An object is at rest at (1 ,2 ,9 ) and constantly accelerates at a rate of 1 m/s^2 as it moves to point B. If point B is at (3 ,1 ,4 ), how long will it take for the object to reach point B? Assume that all coordinates are in meters.

May 23, 2017

$3.31 \text{s}$

Explanation:

We're dealing with one-dimensional motion with constant acceleration.

What we can do first is find the displacement $s$ during the time interval from point A to point B by using the three-dimensional distance formula:

s = sqrt((3"m"-1"m")^2 + (1"m"-2"m")^2 + (4"m"-9"m")^2) = 5.48"m"

Let's look at our known quantities:

Since the object is initially at rest, ${v}_{0 x} = 0$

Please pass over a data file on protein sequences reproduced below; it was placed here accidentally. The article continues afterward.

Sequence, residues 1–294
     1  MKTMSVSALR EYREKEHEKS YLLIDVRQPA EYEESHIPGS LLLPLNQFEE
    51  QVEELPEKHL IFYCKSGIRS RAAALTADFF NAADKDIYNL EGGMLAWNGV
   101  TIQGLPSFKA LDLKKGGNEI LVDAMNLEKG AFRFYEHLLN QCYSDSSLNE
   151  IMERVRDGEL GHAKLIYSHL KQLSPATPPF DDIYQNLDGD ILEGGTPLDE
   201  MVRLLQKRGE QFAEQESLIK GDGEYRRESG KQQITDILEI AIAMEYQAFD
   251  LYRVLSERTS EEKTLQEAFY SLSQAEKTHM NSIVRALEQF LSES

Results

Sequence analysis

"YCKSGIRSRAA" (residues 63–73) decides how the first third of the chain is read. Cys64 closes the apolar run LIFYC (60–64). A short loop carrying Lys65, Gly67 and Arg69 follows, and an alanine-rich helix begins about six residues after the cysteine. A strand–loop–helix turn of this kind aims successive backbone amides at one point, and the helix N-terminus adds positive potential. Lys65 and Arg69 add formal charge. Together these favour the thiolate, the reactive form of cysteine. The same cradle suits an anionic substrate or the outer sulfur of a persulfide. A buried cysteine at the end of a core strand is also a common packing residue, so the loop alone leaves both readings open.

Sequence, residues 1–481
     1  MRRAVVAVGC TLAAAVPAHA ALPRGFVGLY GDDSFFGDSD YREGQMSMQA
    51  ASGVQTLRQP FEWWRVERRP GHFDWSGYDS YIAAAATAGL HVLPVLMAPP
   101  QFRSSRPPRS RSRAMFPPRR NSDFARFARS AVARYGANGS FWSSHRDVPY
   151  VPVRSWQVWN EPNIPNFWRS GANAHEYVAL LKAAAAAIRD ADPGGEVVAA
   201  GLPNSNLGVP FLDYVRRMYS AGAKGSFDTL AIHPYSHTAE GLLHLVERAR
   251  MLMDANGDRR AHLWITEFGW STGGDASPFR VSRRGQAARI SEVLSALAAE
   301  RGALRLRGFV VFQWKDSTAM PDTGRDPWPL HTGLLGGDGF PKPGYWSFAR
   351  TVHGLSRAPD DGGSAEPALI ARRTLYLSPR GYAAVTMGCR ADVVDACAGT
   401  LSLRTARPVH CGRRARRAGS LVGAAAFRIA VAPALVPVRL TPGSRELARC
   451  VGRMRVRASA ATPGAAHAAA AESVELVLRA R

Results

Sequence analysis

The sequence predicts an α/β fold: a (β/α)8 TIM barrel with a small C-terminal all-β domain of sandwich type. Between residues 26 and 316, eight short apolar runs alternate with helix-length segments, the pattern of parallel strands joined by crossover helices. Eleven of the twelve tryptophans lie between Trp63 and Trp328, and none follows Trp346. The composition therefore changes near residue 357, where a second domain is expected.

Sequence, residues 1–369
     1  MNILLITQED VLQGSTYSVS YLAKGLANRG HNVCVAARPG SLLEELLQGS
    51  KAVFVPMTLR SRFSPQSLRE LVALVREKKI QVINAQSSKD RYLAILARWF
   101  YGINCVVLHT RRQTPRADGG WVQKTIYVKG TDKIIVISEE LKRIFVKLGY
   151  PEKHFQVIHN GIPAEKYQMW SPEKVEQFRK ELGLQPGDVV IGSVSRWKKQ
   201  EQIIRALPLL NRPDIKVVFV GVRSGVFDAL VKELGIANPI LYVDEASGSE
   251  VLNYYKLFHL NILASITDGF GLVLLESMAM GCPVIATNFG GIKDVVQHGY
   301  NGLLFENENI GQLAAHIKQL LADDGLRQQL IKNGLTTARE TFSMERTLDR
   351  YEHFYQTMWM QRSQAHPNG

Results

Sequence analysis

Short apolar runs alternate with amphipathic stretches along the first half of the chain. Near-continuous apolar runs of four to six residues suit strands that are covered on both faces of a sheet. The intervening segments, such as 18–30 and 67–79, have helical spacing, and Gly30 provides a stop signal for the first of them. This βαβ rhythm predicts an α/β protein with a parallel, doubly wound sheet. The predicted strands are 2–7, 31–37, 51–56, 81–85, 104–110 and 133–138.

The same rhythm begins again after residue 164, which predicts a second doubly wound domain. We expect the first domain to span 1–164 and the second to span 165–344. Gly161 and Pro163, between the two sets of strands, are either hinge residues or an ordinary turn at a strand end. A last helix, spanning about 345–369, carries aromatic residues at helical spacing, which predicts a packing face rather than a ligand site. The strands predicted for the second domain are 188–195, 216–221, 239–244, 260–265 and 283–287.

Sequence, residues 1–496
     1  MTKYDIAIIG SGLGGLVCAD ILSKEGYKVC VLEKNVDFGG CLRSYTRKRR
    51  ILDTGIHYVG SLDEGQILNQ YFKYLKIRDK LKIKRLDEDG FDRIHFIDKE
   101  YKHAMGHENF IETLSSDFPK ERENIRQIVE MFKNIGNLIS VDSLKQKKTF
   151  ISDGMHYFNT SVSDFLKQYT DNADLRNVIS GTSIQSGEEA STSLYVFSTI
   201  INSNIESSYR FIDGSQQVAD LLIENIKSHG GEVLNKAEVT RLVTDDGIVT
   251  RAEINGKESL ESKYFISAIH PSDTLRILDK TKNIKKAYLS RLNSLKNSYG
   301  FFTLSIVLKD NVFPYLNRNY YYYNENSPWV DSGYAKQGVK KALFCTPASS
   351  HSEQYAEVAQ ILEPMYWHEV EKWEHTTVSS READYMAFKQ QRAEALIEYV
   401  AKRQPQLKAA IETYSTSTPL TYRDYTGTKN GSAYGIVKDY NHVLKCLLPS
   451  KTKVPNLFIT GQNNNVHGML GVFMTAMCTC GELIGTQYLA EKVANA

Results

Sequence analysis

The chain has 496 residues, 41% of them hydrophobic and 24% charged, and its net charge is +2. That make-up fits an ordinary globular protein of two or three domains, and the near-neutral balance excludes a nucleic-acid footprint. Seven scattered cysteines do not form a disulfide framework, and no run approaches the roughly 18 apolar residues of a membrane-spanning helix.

We'll make the initial position ${x}_{0}$ be $0$, and the position $x$ at time $t$ be $5.48 \text{m}$

The acceleration is constant at $1 \text{m"/"s}$

To find the time duration $t$ of the displacement $s$, we can use the equation

$x = {x}_{0} + {v}_{0 x} t + \frac{1}{2} {a}_{x} {t}^{2}$

And since the initial velocity and position are both $0$, the equation becomes

$x = \frac{1}{2} {a}_{x} {t}^{2}$

Here, the variable $x$ is analogous to the displacement variable $s$, since they both represent the distance covered. Plugging in the known variables ${a}_{x}$ and $x$, the time $t$ elapsed during the displacement is

5.48"m" = 1/2(1"m"/("s"^2))t^2

t = sqrt((2(5.48"m"/"s"))/(1"m"/("s"^2))) = color(red)(3.31"s"